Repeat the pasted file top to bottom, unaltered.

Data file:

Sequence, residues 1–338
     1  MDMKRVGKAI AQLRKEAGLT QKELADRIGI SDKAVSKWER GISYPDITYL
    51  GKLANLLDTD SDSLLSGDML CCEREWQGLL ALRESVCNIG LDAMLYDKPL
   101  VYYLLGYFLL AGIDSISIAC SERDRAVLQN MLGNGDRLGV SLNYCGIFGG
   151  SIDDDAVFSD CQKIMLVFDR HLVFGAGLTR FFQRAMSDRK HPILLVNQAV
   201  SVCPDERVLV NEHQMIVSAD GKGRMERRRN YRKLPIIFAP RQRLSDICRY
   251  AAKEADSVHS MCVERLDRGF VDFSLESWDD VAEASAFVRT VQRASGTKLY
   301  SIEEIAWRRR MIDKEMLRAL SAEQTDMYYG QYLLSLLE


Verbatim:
Sequence, residues 1–338
     1  MDMKRVGKAI AQLRKEAGLT QKELADRIGI SDKAVSKWER GISYPDITYL
    51  GKLANLLDTD SDSLLSGDML CCEREWQGLL ALRESVCNIG LDAMLYDKPL
   101  VYYLLGYFLL AGIDSISIAC SERDRAVLQN MLGNGDRLGV SLNYCGIFGG
   151  SIDDDAVFSD CQKIMLVFDR HLVFGAGLTR FFQRAMSDRK HPILLVNQAV
   201  SVCPDERVLV NEHQMIVSAD GKGRMERRRN YRKLPIIFAP RQRLSDICRY
   251  AAKEADSVHS MCVERLDRGF VDFSLESWDD VAEASAFVRT VQRASGTKLY
   301  SIEEIAWRRR MIDKEMLRAL SAEQTDMYYG QYLLSLLE